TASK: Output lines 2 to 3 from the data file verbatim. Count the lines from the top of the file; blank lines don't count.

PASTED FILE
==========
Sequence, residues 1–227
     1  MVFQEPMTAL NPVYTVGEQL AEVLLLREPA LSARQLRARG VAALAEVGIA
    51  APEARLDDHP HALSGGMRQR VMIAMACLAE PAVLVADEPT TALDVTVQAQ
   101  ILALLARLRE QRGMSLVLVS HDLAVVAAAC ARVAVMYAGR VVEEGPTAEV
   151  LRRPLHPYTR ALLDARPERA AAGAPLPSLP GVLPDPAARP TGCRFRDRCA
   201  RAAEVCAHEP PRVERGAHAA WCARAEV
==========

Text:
     1  MVFQEPMTAL NPVYTVGEQL AEVLLLREPA LSARQLRARG VAALAEVGIA
    51  APEARLDDHP HALSGGMRQR VMIAMACLAE PAVLVADEPT TALDVTVQAQ